A view of the moon in the new feature of Google Earth 5.0

Forty years ago Neil Armstrong took man’s first step on the Moon. And to mark the historic occasion Google Earth has taken the same leap in cyberspace.  (Video)


The search engine leader today launched Moon in Google Earth, an interactive 3D atlas of the moon which allows space fans to take their very own virtual steps on the surface of our closest satellite.

‘Forty years ago, two human beings walked on the moon. Starting today, with Moon in Google Earth, it’s now possible for anyone to follow in their footsteps,’ said Moon in Google Earth Product Manager, Michael Weiss-Malik.

‘We’re giving hundreds of millions of people around the world unprecedented access to an interactive 3D presentation of the Apollo missions.’

The incredible experience, which is a new addition to Google Earth 5.0, was announced today in a presentation at the Newseum in Washington, DC.


Users can explore a virtual ‘Moonscape’ and follow the route of a rover

With Moon in Google Earth, space enthusiasts can explore a ‘virtual Moonscape’ in three dimensions, and see the topography of the lunar surface for themselves.

Guided tours from astronauts Buzz Aldrin (Apollo 11) and Jack Schmitt (Apollo 17) give first-hand accounts of the celebrated missions.

Users can view and zoom in on impressive panoramic photos of the moon in the style of Google’s controversial Street View web service.

moon3Moon in Google Earth takes you back to the Apollo era to discover the landing sites of Apollo missions 11-17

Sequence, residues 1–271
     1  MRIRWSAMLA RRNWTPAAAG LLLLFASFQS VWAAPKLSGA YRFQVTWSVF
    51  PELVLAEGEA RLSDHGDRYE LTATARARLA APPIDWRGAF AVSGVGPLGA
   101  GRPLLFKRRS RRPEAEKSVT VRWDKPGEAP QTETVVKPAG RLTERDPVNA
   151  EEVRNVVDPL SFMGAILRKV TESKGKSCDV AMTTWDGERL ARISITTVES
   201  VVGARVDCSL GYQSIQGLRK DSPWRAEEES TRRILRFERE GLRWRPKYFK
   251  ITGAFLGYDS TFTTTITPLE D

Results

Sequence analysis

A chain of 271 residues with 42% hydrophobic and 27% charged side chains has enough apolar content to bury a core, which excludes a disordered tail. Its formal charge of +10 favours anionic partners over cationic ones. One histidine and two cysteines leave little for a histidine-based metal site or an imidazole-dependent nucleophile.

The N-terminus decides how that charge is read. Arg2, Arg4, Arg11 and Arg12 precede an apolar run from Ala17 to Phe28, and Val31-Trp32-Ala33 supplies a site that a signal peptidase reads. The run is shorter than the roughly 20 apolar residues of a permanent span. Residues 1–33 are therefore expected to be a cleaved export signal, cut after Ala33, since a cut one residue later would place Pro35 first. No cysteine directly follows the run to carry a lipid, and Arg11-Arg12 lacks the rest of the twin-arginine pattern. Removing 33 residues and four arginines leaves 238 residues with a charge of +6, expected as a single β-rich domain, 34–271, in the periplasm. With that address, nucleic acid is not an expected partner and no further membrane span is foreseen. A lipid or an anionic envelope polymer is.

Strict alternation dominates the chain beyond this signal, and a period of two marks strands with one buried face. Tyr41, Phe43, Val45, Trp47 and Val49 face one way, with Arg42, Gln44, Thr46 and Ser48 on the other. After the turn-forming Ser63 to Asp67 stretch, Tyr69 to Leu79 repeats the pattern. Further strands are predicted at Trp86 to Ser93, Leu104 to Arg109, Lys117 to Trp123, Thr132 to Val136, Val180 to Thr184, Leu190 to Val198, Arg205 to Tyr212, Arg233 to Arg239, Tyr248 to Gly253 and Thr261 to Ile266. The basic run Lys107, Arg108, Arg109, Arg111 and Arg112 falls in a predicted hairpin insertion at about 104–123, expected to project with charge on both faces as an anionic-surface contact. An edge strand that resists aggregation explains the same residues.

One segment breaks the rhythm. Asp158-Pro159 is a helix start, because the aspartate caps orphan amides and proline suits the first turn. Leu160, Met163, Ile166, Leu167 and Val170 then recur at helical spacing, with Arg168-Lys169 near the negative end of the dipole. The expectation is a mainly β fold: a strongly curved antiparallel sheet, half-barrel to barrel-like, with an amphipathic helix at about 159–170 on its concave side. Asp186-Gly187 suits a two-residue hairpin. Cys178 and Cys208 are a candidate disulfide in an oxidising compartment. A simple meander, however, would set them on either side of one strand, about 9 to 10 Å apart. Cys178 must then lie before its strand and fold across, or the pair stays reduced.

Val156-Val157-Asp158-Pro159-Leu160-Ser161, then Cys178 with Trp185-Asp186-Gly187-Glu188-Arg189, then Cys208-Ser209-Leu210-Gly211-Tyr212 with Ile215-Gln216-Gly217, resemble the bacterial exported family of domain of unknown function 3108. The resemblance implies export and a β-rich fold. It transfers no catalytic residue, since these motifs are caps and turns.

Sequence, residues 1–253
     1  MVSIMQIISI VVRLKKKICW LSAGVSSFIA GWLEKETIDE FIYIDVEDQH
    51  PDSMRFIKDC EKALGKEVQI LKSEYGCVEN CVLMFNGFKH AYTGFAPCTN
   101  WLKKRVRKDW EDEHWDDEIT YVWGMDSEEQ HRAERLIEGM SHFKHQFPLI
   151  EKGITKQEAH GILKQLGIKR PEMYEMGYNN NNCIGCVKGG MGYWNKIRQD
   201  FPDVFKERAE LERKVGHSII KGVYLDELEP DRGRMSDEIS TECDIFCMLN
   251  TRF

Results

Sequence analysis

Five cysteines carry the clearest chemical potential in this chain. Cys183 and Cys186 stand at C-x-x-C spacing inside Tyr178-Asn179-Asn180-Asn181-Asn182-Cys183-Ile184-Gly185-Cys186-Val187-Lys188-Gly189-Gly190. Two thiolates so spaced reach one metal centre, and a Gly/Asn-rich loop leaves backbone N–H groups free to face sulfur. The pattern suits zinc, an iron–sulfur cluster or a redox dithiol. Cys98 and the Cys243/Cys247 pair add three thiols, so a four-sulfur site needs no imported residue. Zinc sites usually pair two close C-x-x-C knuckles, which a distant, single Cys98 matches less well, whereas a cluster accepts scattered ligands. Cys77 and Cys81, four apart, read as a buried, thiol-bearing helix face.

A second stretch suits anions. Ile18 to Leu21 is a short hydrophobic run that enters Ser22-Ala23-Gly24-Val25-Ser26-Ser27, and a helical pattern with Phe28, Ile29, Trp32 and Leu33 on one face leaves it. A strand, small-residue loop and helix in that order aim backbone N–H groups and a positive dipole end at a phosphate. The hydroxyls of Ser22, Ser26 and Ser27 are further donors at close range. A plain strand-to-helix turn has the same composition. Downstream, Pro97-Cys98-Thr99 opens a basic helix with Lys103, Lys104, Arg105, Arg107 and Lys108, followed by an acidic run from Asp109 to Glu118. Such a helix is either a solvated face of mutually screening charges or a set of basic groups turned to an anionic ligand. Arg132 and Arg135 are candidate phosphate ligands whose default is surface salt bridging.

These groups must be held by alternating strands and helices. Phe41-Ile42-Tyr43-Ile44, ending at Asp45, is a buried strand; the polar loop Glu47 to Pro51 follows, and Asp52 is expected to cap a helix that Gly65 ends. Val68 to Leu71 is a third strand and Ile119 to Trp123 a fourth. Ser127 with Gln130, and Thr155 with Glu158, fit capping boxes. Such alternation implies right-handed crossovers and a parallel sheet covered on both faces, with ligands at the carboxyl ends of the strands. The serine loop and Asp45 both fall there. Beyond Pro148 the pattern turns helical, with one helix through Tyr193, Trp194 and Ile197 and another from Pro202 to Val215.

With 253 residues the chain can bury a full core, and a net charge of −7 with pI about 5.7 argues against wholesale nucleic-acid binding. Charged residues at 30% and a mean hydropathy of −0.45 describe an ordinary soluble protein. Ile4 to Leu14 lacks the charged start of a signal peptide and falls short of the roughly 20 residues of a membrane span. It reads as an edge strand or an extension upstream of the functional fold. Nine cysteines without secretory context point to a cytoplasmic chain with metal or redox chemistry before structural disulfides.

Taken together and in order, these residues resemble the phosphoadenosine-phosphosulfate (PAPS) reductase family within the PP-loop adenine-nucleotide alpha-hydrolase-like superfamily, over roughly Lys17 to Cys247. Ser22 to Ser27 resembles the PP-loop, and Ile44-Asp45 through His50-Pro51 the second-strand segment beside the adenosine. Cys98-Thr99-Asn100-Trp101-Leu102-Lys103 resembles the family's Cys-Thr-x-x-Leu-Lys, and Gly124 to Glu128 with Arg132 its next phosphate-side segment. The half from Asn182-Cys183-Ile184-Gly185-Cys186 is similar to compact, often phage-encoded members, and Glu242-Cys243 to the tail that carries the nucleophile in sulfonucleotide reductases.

Previously unreleased video footage captured from the lunar surface and the astronauts’ own descriptions of the places they discovered give exciting new insights into the lunar missions. 

Whether they are rediscovering the iconic moments in the history of moon exploration or learning about them for the first time, Moon in Google Earth enables users to better understand the Moon, and our relationship to it.

The most recent tool to have been developed as a result of the Space Act Agreement between Google and Nasa, Moon in Google Earth makes information about the Moon accessible to anyone in 3D.

‘Today’s announcement builds on the ongoing relationship with Google that Ames Research Center initiated in November 2006 when we signed a Space Act Agreement to foster collaboration with our Silicon Valley neighbor,’ said S. Pete Worden, Director of Nasa Ames Research Center, Moffett Field, Calif.

moon4 One section holds Apollo-era geologic and topographic maps of the Moon that were used by mission control

‘We’re excited to be a part of this latest chapter in Google’s efforts to bring virtual exploration of the Moon to anyone with a computer.’

In addition to satellite imagery and terrain, Moon in Google Earth includes geologic and topographic maps that were used in mission control during the Apollo era.

A section dedicated to human artifacts show the various types of exploratory equipment that humans have left on the Moon and where let’s users zoom in on the points on the moon’s surface where those objects can still be found today.

Artifacts from the United States, the Soviet Union, China, the EU, Japan, and India are included, some of them as 3D models.

To experience Moon in Google Earth, open Google Earth 5.0 and switch modes from ‘Earth’ to ‘Moon’ on the top toolbar.


Via Daily Mail